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But inside it was the care taken by the cemetery gardeners and families to make the place beautiful that was particularly moving, often it was the smallest, gentlest planting that made us stop and think. This was so much about love.

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As was the way the silence was broken by birds singing loudly and enthusiastically in the surrounding trees…

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So here’s the poem I wrote there. I think I can safely say it’s the first poem I’ve ever written in a cemetery…

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Watching my husband text at Scicli Cemetry

So many roads of the dead to walk down.

I try to hear all their voices but listen

to the birds instead, their small but constant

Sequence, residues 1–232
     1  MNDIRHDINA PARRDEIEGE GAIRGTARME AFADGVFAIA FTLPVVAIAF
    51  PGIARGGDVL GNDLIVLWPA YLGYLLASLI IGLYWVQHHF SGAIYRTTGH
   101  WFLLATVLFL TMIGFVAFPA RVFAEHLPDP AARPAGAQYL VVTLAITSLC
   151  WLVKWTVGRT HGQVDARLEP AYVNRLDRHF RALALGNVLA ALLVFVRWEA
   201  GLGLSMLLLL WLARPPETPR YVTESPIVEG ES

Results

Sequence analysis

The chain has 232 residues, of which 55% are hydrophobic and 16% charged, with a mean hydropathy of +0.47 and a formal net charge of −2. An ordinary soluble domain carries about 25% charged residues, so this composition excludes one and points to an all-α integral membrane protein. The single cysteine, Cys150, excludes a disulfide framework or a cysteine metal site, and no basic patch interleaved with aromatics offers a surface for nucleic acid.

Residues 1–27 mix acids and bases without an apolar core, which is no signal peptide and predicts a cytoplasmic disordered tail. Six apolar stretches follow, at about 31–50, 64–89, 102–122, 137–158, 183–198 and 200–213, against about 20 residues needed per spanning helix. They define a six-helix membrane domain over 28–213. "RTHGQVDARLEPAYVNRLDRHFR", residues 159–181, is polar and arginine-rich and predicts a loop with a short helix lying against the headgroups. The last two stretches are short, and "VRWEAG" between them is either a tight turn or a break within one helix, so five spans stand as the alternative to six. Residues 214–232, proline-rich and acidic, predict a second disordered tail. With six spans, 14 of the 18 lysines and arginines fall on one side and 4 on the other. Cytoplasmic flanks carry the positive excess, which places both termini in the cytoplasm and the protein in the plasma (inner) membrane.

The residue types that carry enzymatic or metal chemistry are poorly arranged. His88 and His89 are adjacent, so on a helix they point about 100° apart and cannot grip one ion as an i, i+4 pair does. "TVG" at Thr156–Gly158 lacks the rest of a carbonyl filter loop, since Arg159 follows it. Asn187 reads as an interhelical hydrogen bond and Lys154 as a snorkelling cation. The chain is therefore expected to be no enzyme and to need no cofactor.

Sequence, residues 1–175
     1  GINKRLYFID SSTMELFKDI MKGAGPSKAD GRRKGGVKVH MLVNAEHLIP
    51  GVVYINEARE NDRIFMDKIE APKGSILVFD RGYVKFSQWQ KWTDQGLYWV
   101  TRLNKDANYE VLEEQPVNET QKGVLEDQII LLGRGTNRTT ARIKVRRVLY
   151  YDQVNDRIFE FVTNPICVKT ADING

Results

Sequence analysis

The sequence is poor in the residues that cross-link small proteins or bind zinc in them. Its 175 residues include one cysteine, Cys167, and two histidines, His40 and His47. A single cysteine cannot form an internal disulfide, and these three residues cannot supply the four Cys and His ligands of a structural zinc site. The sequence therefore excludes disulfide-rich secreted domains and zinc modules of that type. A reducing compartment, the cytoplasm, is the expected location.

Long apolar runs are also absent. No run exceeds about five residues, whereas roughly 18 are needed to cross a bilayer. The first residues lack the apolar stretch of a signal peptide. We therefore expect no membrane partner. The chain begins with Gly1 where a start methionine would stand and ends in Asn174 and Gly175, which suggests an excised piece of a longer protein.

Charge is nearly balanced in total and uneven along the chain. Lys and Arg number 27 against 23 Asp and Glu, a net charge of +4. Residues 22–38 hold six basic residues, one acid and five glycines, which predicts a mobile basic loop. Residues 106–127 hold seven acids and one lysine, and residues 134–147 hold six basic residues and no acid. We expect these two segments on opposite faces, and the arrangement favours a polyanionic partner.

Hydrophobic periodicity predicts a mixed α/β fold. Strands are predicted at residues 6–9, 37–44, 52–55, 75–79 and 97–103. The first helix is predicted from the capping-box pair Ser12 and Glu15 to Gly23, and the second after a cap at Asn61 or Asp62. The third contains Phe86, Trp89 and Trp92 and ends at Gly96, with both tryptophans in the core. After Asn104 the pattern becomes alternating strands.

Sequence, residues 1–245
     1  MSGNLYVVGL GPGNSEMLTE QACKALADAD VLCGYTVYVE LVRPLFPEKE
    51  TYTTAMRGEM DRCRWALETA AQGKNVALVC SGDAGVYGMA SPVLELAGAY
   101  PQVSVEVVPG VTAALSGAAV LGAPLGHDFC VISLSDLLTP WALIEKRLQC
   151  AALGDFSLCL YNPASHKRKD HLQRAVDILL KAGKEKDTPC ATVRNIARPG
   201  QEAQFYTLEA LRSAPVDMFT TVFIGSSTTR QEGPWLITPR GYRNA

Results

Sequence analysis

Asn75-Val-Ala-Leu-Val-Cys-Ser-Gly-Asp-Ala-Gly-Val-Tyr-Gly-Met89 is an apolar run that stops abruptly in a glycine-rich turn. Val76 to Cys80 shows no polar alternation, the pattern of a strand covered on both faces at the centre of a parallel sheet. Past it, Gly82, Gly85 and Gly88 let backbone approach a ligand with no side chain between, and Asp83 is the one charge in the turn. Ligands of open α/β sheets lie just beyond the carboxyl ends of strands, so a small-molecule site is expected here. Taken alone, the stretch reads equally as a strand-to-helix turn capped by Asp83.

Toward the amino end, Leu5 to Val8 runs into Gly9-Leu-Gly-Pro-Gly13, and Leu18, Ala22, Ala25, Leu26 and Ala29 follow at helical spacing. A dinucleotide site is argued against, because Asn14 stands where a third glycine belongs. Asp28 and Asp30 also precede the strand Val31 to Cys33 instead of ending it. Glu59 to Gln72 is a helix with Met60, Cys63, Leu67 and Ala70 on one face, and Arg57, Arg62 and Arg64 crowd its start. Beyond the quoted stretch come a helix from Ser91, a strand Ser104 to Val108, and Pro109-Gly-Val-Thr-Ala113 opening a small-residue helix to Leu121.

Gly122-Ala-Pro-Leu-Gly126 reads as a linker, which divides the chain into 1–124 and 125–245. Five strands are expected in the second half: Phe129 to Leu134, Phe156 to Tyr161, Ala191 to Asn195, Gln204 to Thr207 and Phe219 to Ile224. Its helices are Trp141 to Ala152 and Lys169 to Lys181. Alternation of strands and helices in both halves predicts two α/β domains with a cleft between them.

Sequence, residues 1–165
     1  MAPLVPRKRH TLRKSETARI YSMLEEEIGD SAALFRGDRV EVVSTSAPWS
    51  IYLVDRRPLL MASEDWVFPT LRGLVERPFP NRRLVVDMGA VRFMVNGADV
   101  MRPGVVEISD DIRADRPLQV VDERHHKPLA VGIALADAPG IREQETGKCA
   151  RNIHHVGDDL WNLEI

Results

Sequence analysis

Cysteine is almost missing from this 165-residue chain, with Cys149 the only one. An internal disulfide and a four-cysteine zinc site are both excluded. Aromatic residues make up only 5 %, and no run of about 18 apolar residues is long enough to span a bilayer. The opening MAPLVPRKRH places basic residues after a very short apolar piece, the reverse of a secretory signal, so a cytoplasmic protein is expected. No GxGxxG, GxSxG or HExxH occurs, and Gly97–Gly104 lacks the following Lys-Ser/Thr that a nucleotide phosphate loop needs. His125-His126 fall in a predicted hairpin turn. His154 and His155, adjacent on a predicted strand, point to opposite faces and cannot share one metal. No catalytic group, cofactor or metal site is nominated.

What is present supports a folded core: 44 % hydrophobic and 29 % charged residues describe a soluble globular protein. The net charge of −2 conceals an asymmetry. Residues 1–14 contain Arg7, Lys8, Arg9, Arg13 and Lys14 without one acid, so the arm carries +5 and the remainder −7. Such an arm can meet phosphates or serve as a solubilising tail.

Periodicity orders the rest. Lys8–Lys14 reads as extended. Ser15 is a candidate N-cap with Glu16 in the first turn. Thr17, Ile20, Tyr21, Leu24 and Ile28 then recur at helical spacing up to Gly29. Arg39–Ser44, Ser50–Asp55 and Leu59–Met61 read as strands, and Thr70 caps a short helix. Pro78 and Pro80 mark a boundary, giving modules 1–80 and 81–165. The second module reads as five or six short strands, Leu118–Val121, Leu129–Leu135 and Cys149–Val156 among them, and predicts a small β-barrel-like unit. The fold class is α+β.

conversation. Sometimes, in an effort

to make this a heavier memory, I rest my hand

on a gravestone, see a small child’s angel

wrapped in the shadow of a grandmother’s

cross, hope the proximity of a footballing dad

with the teenage cyclist is deliberate,

the fresh wild flowers amongst dusty

plastic roses, a sprig of jasmine

in a water bottle, yews, more yews.

Would I want to be with my mother’s family,

or rest in my husband’s crypt?

My children – no, they’ve no place here,

and I’m at the crossroads looking down

at so much love, so much hope,

when I catch him, my partner in life,

and yes, death too, bent over his phone,

as if any of it really mattered

when our lives are so free, being temporary,

and he’s laughing at a joke that I know

he’s already planning to tell me later,

and still, still, the birds sing on.